Home PC News Developer-focused infrastructure security platform Mondoo raises $15M

Developer-focused infrastructure security platform Mondoo raises $15M

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Mondoo, an under-the-radar infrastructure security platform aimed at developer operations (DevOps) teams, has raised $12 million in a series A round of funding led by European VC Atomico and revealed a previously undisclosed $3 million seed round of funding that closed back in April.

The company, which has offices in San Francisco and Berlin, launched its platform out of stealth just three weeks ago. It constitutes part of a growing trend in the cybersecurity sphere, which has seen security teams increasingly share responsibilities for safeguarding company infrastructure with developers.

“Our goal is to bring DevOps and security teams closer together and help them secure their environments,” Mondoo CEO and cofounder Soo Choi-Andrews told VentureBeat.

Mondoo was founded in 2020 by former Googlers Choi-Andrews and Dominik Richter, along with Christoph Hartmann, who had worked alongside his fellow cofounders several years before at DevOps software company Chef Software.

Bottom up

The “bottom-up” cybersecurity approach is perhaps best exemplified by Snyk, which targets its open source security scanning smarts at developers rather than security teams — this helps catch issues in real time as the developer codes, rather than later, after they’re pushing into the live codebase. For context, Snyk raised $375 million in fresh capital just last month and is now valued at $8.6 billion.

Mondoo, for its part, is a cloud-native security platform that gives infrastructure developers automated risk assessment and insights into all their business-critical infrastructure, including public and private cloud environments like AWS, Azure, Google Cloud, and VMWare; Kubernetes clusters such as Amazon EKS and Google Kubernetes Engine; servers and endpoints running Windows, Linux, and MacOS; and software supply chain services like GitHub, Jenkins, and GitLab.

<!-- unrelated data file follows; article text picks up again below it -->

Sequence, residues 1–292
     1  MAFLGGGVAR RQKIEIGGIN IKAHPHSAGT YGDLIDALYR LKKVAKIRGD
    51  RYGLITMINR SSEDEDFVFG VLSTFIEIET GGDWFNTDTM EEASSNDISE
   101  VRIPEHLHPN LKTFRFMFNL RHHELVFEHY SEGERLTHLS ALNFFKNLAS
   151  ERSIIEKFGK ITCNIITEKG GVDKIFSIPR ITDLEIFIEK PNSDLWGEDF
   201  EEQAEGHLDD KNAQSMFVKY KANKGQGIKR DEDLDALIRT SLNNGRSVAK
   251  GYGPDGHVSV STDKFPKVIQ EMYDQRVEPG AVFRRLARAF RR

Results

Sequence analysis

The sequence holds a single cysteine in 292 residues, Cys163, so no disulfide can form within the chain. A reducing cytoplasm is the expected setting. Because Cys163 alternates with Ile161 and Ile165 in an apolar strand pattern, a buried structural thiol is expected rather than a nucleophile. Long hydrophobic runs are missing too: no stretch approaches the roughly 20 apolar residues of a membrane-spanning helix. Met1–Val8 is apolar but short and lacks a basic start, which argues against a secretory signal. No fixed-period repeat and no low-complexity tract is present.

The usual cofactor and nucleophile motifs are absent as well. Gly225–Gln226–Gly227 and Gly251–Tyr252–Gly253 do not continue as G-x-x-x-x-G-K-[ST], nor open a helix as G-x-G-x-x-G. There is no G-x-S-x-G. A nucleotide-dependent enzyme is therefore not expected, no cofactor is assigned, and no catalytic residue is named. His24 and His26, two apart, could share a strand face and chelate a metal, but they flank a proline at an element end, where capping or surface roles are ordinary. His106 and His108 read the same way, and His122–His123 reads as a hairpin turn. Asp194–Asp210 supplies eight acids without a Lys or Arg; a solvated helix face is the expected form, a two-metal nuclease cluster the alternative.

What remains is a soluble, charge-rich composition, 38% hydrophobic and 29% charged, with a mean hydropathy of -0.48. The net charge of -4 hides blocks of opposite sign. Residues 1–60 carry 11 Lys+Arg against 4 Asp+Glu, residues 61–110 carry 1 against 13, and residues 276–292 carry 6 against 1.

This highlights a major selling point for Mondoo. Although it touts itself as a “cloud-native” security and vulnerability risk management platform, it is in fact suited to businesses that run a hybrid infrastructure, giving DevOps engineers the tools to automate security assessments and discover hidden risks everywhere.

For example, users can connect Mondoo while running on an AWS environment to test their company’s cloud security posture and the workloads that run on it and instantly find vulnerabilities across their operating systems and virtual machines — while pushing higher-priority issues to the top of the list to investigate. Mondoo can also identify compliance and policy violations, while users can extract key data about their infrastructure and write custom policies.

Above: Mondoo: Asset vulnerabilities

In terms of the competitive landscape, Mondoo encroaches on a space that counts well-established names such as Rapid7, Qualys, and Tenable’s Nessus, though it also jibes with newer upstarts such as Orca, Wiz, and Laceworkeach of which has raised sizable sums of cash this year.

But Mondoo said it’s carving out a niche by not only aiming its platform at developers, but also targeting a broad gamut of use cases instead of a single element, such as cloud security posture management.

“Mondoo focuses on the DevOps audience and helps them to identify and act on issues in their fleet and raise the security baseline across all technologies,” Choi-Andrews said. “Unlike competitors, we support vulnerability, compliance, security, and best practices across on-prem, servers, cloud, VMs, containers, Kubernetes, SaaS services, and APIs.”

For now, Mondoo is offered under a software-as-a-service (SaaS) subscription, which includes a basic free plan with limited cloud accounts and assets, though the company noted that it intends to offer a self-hosted option in the near future.

Aside from Atomico, Mondoo has ushered in a slew of other institutional and angel investors across its recent seed and series A rounds, including Firstminute Capital, System.One, MongoDB chair Tom Killalea, Intuit CTO Marianna Tessel, Google product VP Bradley Horowitz, and Puppet cofounder Andrew Clay Shafer.


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